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MomTalk.com November 20, 2017:   The women's magazine for moms about children, family, health, home, fashion, careers, marriage & more


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Approach Alcohol Consumption with Caution During the Holidays: Your Health

By Rallie McAllister


As the holiday season approaches, many Americans will be celebrating with a glass of good cheer. While drinking a little alcohol can help you relax and enjoy the festivities, drinking a little too much can lead to embarrassing lapses in judgment, among other undesirable consequences.


If you don't want to end up wearing a lampshade at your first party of the season, it's a good idea to consume small quantities of alcohol with big doses of caution. This is especially true for folks who don't imbibe on a regular basis, since it's easy to underestimate the intoxicating effects of even a single alcoholic beverage.


If avoiding intoxication is your goal, limiting the amount of alcohol you drink is essential. It's also helpful to be aware of other factors that can hasten the loss of sobriety, including drinking alcohol on an empty stomach.


Following the consumption of wine, beer, or spirits, approximately 20 percent of alcohol is absorbed in the stomach, while the remaining 80 percent is absorbed in the small intestine. When it is consumed with food, alcohol spends more time in the stomach, and takes longer to enter the small intestine, and ultimately, the bloodstream.

A gradual release of alcohol into the bloodstream means that its initial effects are less pronounced. If you plan to drink and be merry, it's a good idea to eat a snack or a light meal while you're at it.


If you're watching your weight, skipping the snacks and mixing alcohol with a diet drink might save a few calories, but it could cost you in other ways. Compared to those that are sweetened with sugar, artificially sweetened mixers may accelerate the delivery of alcohol to the bloodstream.


The results of a small study conducted at the Royal Adelaide Hospital in Adelaide, Australia, suggest that the artificial sweeteners in diet drinks may speed stomach emptying and lead to rapid elevations in blood alcohol levels.


In the study, researchers measured stomach-emptying times and blood alcohol levels in fasting male volunteers. The men consumed vodka mixed with orange juice on one day, and the same amount of vodka prepared mixed with a sugar-free, orange-flavored mixer on another day.


When the volunteers drank vodka mixed with orange juice, the average time required for half the stomach contents to empty was 36.3 minutes, but when they drank vodka with the sugar-free mixer, the average time was much faster, at 21.1 minutes. The volunteers' peak blood alcohol concentrations were also substantially higher following consumption of the artificially sweetened vodka beverage.


The results of this study suggest that when mixed drinks are consumed with artificially sweetened beverages instead of sugar-sweetened beverages, the intoxicating effects of alcohol are experienced more rapidly and more intensely.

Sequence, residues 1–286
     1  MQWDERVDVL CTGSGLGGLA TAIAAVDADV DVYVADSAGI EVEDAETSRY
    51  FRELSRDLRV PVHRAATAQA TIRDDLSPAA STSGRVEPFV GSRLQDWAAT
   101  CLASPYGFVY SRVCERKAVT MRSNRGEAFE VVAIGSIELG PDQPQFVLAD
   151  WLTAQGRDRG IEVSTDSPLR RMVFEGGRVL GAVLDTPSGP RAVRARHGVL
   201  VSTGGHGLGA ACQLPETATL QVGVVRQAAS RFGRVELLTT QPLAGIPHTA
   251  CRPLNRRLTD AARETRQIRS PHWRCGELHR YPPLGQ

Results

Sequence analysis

Champagne is another alcoholic beverage that should be consumed with caution. While carbon dioxide gas creates the characteristic bubbles in champagne, it also appears to accelerate the body's absorption of alcohol, leading to more rapid and pronounced intoxication.


In a study conducted at the University of Epsom in the United Kingdom, researchers compared the effects of drinking fizzy champagne to those produced by drinking the same quantity of flat champagne in a small group of subjects. They found that within 20 minutes of consuming the beverages, the blood alcohol levels produced by the bubbly champagne were significantly higher than those produced by the flat champagne.


Certain medications can increase your sensitivity to alcohol, including over-the-counter antihistamines and prescription drugs used to treat anxiety, depression, and insomnia. Before you take a drink, be sure to read the labels to make sure it's safe.


Your gender, size, and body composition also influence your reaction to alcohol. In general, the smaller you are, and the more body fat you have, the more quickly you'll respond to the intoxicating effects of alcohol.


In most cases, women are more sensitive to alcohol than men, since they tend to weigh less and have a higher proportion of fat to lean muscle. Hormonal fluctuations can increase a woman's sensitivity at various stages of her menstrual cycle. Compared to men, women also have lower levels of alcohol dehydrogenase, the enzyme responsible for the breakdown of alcohol in the body.


Regardless of your size or gender, drinking too much of any type of alcoholic beverage can significantly impair your judgment, as well as your ability to drive. Before you toss back a drink to celebrate the holiday season, make sure you toss your car keys to a designated driver.

Rallie McAllister, M.D., M.P.H., is a family physician in Kingsport, Tenn., and author of "Healthy Lunchbox: The Working Mom's Guide to Keeping You and Your Kids Trim." Her Web site is http://www.rallieonhealth.com.
COPYRIGHT 2006 CREATORS SYNDICATE, INC.



Categories: Health & Wellness, Women's Health,

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